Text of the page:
Nothing makes you feel stiff and sore quite like sitting on a plane. It’s why you sometimes see the boldest of the bold performing a whole yoga routine right there next to Sbarro in front of everyone. But, as it turns out, it is actually worth it to do a few poses after flying as a way to set yourself right.
Whether you’re heading home after a business trip or touching down at a vacation spot, it never hurts to stretch after a flight to loosen up sore muscles and reinvigorate your circulation, says Kate Lombardo, a yoga director and instructor at YogaRenew Teacher Training. “Long hours of air travel leave the body feeling tight from being in the same seated position for so long,” she tells Bustle. “Yoga poses are a great way to bring movement back into the joints [and to] help reduce any inflammation that sets in.” It can also feel like hitting a reset button on your brain.
If you want, you could do a few stretches in the waiting area, and some airports even have yoga rooms you can go to if you have time during a layover, Lombardo says. “Otherwise, waiting until you’re back home or at your hotel is a great option so you have time to not only relax the body, but the mind as well, which could be difficult to do among the hustle and bustle of a busy airport,” she says. Here, Lombardo breaks down the best moves to try after a flight.
“This is the perfect pose for reducing swelling in the legs and ankles that can happen following a long day of travel,” Lombardo says. “Plus, it helps to quiet the mind and can help with sleep, which comes in handy if changing time zones are messing with your sleep schedule.”
– Lie on your back on the floor or on a bed.
– Prop up your legs on the wall, letting the wall fully support the weight of them.
– Bring your hands to your belly, and focus on your breath.
– Stay for three to five minutes, or longer if you have the time.
2. Downward-Facing Dog
“Down dog is a great pose to open up the entire body,” she says. “It creates length in the spine and openness in the hamstrings — two areas that get very tight while sitting for hours on a plane or in a car.”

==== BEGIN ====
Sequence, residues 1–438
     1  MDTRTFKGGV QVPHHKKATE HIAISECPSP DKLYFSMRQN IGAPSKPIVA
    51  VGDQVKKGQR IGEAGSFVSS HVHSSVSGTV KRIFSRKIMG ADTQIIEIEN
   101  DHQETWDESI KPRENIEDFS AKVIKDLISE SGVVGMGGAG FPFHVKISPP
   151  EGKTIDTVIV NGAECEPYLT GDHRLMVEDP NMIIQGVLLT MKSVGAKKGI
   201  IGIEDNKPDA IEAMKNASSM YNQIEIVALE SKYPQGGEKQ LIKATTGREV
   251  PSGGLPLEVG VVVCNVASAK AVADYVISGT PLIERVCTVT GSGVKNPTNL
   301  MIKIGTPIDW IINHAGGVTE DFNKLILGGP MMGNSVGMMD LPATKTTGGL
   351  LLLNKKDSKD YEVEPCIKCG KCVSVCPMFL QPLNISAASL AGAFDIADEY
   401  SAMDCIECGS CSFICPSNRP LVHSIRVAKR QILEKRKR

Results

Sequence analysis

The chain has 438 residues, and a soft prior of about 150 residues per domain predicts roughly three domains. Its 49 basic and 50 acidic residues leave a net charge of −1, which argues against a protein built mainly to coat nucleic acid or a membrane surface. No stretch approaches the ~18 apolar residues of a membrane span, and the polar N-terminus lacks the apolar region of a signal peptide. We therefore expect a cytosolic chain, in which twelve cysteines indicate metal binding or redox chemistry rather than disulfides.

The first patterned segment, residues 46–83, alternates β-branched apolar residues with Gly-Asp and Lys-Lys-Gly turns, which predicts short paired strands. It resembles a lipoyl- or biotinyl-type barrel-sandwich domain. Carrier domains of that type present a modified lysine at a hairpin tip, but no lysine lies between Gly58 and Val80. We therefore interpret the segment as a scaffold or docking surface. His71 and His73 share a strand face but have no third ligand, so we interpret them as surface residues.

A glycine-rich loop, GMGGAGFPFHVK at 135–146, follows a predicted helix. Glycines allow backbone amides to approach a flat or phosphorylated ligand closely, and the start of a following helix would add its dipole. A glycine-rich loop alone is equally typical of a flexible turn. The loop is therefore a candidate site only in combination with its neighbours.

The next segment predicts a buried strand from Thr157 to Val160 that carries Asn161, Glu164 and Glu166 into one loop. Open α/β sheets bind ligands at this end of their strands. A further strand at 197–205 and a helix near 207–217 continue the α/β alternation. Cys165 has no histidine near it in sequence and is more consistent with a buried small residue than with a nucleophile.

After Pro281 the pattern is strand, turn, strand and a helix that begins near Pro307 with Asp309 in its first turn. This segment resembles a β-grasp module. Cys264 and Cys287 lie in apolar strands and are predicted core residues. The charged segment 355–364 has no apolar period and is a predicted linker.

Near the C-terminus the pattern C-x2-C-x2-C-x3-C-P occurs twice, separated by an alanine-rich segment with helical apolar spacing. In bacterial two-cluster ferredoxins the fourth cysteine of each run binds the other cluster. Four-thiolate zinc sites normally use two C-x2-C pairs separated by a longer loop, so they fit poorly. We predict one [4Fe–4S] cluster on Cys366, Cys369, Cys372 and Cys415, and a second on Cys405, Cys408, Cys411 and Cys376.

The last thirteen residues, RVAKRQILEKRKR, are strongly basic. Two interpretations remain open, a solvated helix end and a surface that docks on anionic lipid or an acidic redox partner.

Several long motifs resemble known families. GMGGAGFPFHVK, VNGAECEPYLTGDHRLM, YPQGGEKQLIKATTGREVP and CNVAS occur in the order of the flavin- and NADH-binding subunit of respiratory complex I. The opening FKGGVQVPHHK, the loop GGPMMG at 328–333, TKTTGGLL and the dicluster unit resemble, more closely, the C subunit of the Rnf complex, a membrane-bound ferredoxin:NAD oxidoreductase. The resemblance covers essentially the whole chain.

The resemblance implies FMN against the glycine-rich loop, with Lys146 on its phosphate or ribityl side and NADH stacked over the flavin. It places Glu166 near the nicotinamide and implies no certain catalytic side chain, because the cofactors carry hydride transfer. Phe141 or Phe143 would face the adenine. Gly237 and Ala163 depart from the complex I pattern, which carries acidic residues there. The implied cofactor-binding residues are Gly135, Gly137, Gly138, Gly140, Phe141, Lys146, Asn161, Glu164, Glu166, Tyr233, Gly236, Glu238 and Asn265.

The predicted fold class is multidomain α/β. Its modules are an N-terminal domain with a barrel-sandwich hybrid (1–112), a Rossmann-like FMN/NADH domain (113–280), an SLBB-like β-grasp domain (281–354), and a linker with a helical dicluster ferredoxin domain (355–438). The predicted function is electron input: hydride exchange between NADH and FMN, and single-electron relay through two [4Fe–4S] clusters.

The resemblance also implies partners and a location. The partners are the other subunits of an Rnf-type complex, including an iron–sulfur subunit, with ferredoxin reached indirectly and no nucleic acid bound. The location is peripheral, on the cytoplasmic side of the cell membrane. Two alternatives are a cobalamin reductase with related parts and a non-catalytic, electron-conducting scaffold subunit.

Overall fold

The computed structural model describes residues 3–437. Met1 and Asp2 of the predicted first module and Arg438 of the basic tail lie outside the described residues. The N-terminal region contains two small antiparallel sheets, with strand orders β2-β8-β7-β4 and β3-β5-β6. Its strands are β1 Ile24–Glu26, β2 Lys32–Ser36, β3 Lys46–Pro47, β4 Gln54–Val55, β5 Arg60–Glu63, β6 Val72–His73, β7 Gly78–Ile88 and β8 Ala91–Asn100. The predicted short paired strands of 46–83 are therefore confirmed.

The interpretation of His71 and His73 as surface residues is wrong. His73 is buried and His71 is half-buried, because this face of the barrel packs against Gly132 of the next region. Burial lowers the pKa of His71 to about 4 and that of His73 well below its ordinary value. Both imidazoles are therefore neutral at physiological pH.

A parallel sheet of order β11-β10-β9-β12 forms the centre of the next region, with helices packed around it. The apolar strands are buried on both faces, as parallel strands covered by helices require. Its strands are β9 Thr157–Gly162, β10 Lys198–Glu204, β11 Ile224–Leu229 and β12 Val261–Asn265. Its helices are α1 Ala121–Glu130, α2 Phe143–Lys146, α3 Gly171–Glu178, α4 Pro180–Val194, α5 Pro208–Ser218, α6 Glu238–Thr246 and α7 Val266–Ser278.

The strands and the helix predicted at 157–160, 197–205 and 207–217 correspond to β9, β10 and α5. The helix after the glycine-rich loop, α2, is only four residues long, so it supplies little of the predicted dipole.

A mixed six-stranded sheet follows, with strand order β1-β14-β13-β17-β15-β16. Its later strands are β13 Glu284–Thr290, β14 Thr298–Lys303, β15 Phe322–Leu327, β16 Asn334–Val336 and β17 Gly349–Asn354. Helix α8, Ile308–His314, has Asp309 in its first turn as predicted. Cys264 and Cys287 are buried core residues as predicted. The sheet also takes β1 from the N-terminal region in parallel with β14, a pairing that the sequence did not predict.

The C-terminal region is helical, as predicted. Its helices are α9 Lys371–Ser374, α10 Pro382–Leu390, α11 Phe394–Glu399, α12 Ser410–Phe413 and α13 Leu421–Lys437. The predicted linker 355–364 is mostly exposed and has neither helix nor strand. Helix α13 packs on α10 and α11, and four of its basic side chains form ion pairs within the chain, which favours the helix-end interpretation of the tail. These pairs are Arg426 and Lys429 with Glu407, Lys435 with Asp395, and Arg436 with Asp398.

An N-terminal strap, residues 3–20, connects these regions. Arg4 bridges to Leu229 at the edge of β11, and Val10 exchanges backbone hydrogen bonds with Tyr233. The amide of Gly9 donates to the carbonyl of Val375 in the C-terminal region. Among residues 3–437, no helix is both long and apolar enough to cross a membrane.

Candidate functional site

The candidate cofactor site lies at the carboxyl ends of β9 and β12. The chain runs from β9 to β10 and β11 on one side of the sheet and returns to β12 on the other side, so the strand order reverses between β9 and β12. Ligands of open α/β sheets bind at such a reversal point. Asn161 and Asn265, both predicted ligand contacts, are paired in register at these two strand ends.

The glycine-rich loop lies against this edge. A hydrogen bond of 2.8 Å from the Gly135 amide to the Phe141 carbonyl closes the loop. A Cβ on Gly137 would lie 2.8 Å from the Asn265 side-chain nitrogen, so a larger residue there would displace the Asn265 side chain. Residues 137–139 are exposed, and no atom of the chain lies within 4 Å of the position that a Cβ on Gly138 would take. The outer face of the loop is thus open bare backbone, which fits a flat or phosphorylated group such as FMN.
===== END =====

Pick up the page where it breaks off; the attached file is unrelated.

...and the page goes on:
– Start on all fours.
– Walk your hands one handprint forward, and tuck your toes under.
– Lift up your hips and back, and focus on creating length from the palms of your hands all the way to your hips.
– Keep your spine straight and, if possible, straighten your legs.
– Feel free to pedal your heels up and down by bending one knee and then the other.
– Stay for five to 10 breaths or for as long as it feels good.
3. Child’s Pose With Prayer Hands
“This variation of child’s pose is great for releasing tension in the neck and shoulders that can happen when sleeping in strange positions while on the go,” Lombardo says.
– Start on all fours.
– Touch your big toes together, and bring your knees out wide.
– Shift your hips toward your heels, and bring your palms together.
– Bend your elbows, and take your hands behind your head.
– Breathe into the sides of your chest, and release your chest toward the floor.
– Stay in this pose for one to two minutes.
“Forward folds are the perfect way to release tension across the whole back body,” Lombardo says. “This pose is not only great for opening the hamstrings, but also for reversing gravity to help release the neck and space across the back.”
– Stand up tall, then fold forward from your hips.
– Bring your hands toward the floor.
– Shift so your hips are directly over your ankles, and feel free to keep a slight bend in your knees if needed.
– Stay for five to 10 breaths, or for longer if it feels comfortable.
5. Lizard Lunge Twist
“This pose helps to open the psoas and hip flexors, which can shorten and become tight from being stuck in a sitting position for a long period of time,” she says. “Plus, the twist aids in digestion, which is always needed when eating [new foods] on the go.”
– Come to a low lunge position.
– Keep your front knee stacked over your ankle and your back knee on the floor.
– Bring your hands inside of your front ankle, and press the inner thigh of your front leg away from you.
– Roll to the other edge of your front foot.
– Twist toward your front leg, and look toward the ceiling.
– Feel a stretch in your hips and spine.
– Stay for five to 10 breaths, then switch sides.
6. Bridge Pose
“Bridge pose is one of the best poses to do post-flight because it opens up the body in all of the places,” Lombardo says. “The hip flexors, quadriceps, back, and shoulders all get opened up here.”
– Lie on your back with your knees bent and feet hips-distance apart.
– Press into your feet to lift your hips toward the ceiling.
– Clasp your fingertips together underneath you, and stretch them toward your heels.
– Hug your shoulder blades together, and lift your chest toward your chin.
– Take five to 10 breaths.
7. Seated Spinal Twist
“Twists […] can aid in digestion to help keep you regular while traveling,” Lombardo says. “They also bring mobility to the spine, which helps to relieve any tension that builds up from sitting for extended periods of time.”
– Sit cross legged with a tall spine.
– Bring your right hand behind your back and your left hand across to your right knee.
– With each inhale, imagine getting taller and with each exhale twist more deeply.
– Repeat on the other side.